By Mary O’KEEFE and Charly SHELTON
New lighting, new fields, partnering with Glendale Unified School District, walking trails, biking trails, community rooms, a handball court and a park at Rockhaven were just a few of the suggestions that came from Saturday’s meetings for local park improvements.
It all started when the Los Angeles County Board of Supervisors reached out to community members to ask them their opinions on local park improvements. These outreach meetings have been taking place throughout the County and on Saturday it was the unincorporated L.A. County/La Crescenta and the City of Glendale’s turn to submit ideas.
Crescenta Valley Town Council led the discussion in the morning at Rosemont Middle School.
“We are making a wish list,” said CVTC President Leslie Dickson. “We are looking at [things] like, ‘Do we need more lighting or [maintenance]?’ as well as future projects.”
Dickson gave examples of past projects like the CV Dog Park that was created about 10 years ago, and the CV Skate Park that is due to open in May.
“We cannot ask for programs, no classes or security,” she told the audience regarding the county’s guidelines for suggestions.
Dickson added the CVTC had been gathering ideas over the past several months from organizations like the lacrosse team, CV Little League, AYSO, the La Crescenta Woman’s Club, Boy Scouts and Girl Scouts and local schools.
That information was compiled and each suggestion was placed on a sheet of paper. Many at the meeting added their suggestions, which included a handball court and bike and walking paths. These submissions were voted on by the audience on Saturday.
The suggestions were added to an already long collection that included enlarging and updating the CV Park community room, creating a special needs park, adding lighting at the parks and asking the County to purchase vacant land around town including the northwest corner of Rosemont and Montrose avenues, the southeast side of Sunset Avenue and Foothill Boulevard and the vacant lot at 3040 Foothill Blvd. This land, Dickson said, could be a potential pocket park or senior park. There were also ideas about partnering with GUSD to create a park/soccer/football field at Rosemont Middle School, similar to how the district has partnered with schools in Glendale to create parks.
The group even looked beyond the unincorporated area and included suggestions for parks to be created at the Verdugo Hills Golf Course within the City of L.A., which is presently being reviewed for development, and Rockhaven Sanitarium within the City of Glendale, which is also being reviewed by developers.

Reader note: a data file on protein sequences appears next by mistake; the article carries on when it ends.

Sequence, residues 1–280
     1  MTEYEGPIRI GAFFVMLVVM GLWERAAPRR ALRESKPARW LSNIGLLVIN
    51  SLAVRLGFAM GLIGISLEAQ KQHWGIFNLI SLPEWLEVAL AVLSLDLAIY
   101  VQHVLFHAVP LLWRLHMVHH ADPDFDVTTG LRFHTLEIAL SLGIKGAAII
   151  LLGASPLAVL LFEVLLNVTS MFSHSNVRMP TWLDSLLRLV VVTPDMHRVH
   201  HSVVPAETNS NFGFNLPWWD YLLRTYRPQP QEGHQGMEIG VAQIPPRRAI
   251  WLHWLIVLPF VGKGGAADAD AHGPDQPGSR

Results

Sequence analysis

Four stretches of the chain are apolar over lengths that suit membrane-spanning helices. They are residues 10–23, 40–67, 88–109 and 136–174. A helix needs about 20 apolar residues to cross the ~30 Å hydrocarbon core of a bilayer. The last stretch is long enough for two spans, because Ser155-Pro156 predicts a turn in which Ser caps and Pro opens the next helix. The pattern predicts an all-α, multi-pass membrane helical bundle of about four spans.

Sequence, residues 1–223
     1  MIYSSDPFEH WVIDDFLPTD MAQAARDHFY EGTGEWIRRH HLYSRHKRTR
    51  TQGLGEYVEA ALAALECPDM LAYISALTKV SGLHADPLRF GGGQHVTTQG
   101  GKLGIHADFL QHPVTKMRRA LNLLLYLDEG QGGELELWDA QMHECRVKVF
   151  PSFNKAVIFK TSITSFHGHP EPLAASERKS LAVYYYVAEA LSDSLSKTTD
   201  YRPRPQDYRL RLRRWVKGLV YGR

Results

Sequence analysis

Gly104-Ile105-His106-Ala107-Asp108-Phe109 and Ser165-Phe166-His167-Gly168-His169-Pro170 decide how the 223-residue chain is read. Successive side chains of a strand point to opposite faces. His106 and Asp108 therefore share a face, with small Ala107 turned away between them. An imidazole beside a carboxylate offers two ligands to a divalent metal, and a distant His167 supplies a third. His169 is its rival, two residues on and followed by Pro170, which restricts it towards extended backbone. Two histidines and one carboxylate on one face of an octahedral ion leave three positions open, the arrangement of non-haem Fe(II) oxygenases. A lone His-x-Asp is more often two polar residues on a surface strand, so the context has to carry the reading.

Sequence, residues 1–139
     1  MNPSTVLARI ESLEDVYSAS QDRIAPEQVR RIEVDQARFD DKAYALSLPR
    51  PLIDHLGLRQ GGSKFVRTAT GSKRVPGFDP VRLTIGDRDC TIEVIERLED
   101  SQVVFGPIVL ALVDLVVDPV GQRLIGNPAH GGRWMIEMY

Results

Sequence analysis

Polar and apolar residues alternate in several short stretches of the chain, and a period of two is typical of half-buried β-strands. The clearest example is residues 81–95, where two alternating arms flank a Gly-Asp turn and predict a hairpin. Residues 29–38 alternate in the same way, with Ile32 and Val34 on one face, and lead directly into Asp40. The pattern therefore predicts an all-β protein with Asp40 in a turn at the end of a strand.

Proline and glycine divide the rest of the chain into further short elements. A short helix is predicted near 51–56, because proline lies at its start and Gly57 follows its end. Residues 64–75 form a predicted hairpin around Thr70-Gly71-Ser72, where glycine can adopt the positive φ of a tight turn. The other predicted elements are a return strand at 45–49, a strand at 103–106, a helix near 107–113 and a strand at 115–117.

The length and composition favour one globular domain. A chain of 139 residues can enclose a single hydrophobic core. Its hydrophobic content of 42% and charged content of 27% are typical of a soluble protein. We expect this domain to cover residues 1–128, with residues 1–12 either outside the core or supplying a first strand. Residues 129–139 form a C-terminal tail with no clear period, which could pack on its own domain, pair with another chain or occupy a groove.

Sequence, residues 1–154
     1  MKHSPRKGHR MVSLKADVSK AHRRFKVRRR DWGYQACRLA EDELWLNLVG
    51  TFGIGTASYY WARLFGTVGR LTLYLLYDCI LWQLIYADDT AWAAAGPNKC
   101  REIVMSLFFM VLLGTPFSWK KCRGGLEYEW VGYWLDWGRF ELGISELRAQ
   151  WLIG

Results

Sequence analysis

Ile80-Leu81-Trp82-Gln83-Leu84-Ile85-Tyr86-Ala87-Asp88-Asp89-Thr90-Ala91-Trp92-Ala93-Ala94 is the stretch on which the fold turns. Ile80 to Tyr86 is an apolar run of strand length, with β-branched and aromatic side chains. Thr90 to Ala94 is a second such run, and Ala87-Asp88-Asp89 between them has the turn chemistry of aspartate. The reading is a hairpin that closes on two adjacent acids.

Both of these projects were also mentioned at a meeting at Sparr Heights Saturday afternoon that was hosted by the City of Glendale.
Similar suggestions were made at that meeting, which included ideas for Rockhaven and Verdugo Hills Golf Course, establishing walking and biking paths and utilizing vacant lands for pocket parks.
City officials also mentioned a partnership with GUSD; however, the school mentioned for the park partnership was not in far north Glendale.
There was strong support for a Rockhaven community park, which would include community rooms and an education center.
At each meeting participants were given 10 green dots, which they used to cast their votes for each proposal. They could place all on one project or spread the dots throughout 10 projects. At the Glendale meeting, Rockhaven filled about two pages with green dots.
The top 10 projects/improvements that garnered the most votes for the City of Glendale were a community building at Fremont Park, the purchase of a parcel on Foothill Boulevard between Boston and Lauderdale avenues, lighting at Montrose Park, batting cages at Montrose Park, a Verdugo north bike path, lighting at the baseball field at Montrose Park, the completion of the Les Mesnager barn at Deukmejian Wilderness Park, Verdugo Hills Golf Course, a pedestrian path at the Verdugo Wash and Rockhaven.
The CVTC did not announce the results of the voting at the Rosemont Middle School morning meeting. Both the City of Glendale and the CVTC will prepare and present reports to Michael Antonovich at the L.A. County Board of Supervisors by the end of February. The County will have its findings completed in May.
There are no actual funds available for any of the projects voted on; this was a “wish list” as Dickson stated. The outreach was a way for the public to understand how important parks are and how often the parks are used.
RPOSD (Regional Park and Open Space District) was created after voters approved Proposition A, The Safe Neighborhood Parks Act, in November 1992. This authorized an annual assessment on all parcels of property within L.A County. However, on June 30 the authority to levy assessments under Prop A sunsetted. It was extended with another vote in 1996 that extended the assessment to June 30, 2019.
Prop P was placed on the ballot in November 2014 and would have extended the Safe Neighborhood Parks Act, but did not get the two-thirds vote required. If it had succeeded it would have extended the funding through an annual $23 per parcel special tax for 30 years.
CVTC and the supervisor’s office feel the failure to pass Prop P is due to a lack of understanding of what the special tax was for and that it was not a new special tax but a continuation of Prop A. In addition to gathering information, the meetings are a way to reach out to the public about the Safe Neighborhood Parks Act and find out what community members want at their local parks.